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The Dreaded Squash Vine Borer & How to Still Enjoy Zucchini All Season Long

First, if you want to see me shudder in disgust, don’t miss minute 4:05 in the video tutorial

And Friends, perhaps you’ve seen these gorgeous moths frolicking in your garden, though I hope you haven’t.

The Squash Vine Borer (Melitta curcurbitae) is a great moth to become familiar with because yes, they’re beautiful. Also, they’re one of the most devastating insects in your garden.


The gorgeous and devastating adult moth of the Squash Vine Borer.

Squash Vine Borers make their home in the base of your squash plants, devouring their soft marrow before killing their host. They’re particularly fond of any Cucurbita pepo plant, which includes all manner of zucchini, summer and pattypan squash in addition to pumpkins, acorn, spaghetti, delicata squash and more. 

Thankfully they are not attracted to cucumbers and melons, but most squash, winter squash, and pumpkins can be dramatically affected. I’ve heard and seen horror stories of home gardens decimated by them my entire life. Here’s how to keep them at bay.

Squash Vine Borer Life cycle

Rumi says, love your enemy.

My mother says, know your enemy.

I say you decide!

Either way, understanding the lifecycles of insects and diseases in your garden is key to preventing and managing problems organically in your garden.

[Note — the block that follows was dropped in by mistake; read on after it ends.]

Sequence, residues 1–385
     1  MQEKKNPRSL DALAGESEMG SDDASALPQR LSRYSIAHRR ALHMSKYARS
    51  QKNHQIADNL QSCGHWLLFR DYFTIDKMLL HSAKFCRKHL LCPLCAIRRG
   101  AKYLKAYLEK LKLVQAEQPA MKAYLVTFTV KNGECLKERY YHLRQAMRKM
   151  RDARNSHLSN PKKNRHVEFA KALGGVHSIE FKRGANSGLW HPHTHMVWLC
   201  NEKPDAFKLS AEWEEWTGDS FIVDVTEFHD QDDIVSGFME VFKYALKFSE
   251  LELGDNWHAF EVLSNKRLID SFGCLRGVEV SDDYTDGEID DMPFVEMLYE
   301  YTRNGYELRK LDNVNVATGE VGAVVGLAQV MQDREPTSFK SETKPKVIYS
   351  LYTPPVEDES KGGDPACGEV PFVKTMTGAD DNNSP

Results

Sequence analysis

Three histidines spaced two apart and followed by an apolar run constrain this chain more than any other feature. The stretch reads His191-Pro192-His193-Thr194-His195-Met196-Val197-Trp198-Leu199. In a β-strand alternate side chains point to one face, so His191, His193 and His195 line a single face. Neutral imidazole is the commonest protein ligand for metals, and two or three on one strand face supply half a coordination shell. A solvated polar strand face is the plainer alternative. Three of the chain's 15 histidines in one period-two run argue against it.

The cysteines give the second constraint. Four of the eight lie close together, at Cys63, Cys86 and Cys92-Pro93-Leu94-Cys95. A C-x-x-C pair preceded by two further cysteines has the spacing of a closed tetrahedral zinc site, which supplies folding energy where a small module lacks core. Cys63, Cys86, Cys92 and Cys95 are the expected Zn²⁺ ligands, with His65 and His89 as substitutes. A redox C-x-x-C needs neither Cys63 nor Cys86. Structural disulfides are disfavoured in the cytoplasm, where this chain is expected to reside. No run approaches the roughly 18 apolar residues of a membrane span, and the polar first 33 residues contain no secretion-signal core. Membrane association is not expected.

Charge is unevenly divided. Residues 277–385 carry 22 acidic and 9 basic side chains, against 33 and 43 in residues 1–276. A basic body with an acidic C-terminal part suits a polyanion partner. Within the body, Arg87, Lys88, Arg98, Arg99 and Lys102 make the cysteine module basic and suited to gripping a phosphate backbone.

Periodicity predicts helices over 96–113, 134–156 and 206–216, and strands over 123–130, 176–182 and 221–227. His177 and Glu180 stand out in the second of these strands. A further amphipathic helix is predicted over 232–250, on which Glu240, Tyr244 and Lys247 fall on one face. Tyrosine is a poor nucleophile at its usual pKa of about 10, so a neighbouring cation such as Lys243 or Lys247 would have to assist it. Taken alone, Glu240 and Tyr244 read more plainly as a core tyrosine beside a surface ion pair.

On our farm in the Finger Lakes, squash vine borer adults emerge from their underground cocoons in early July. Though they fly, they strongly prefer to stay close to home. Individual eggs are laid at the base of their preferred host plants (Cucurbita pepo and C. maxima, more on that later) and one week later, the larvae ‘bore’ into the stems and proceed with an all-you-can-eat attitude, hollowing out your squash stem in four to six weeks before burying themselves in the soil to emerge as an adult the following year. This lifecycle awareness is the foundation of the organic management strategy. But first!

Squash Vine Borer Damage 

If you see wilting leaves on your squash, you likely have squash vine borers. It’s subtle at first, only notable in the heat of the day when you might expect plants to wilt, but soon the plants will die. To see if you have dry plants or infected plants, investigate your stem, right at the base where it meets the soil. If you see holes and/or moist greenish/orange frass (the hilariously technical term for insect poop), you’ve got a squash vine borer.

Here is a vine just beginning to show signs of the marauding larvae:


Here is a very dramatic example of damage, unchecked:

Squash Vine Borer Damage

And here is squash vine borer devouring a squash stem, just before it climbs out and pupates in the soil and overwinters to return next season: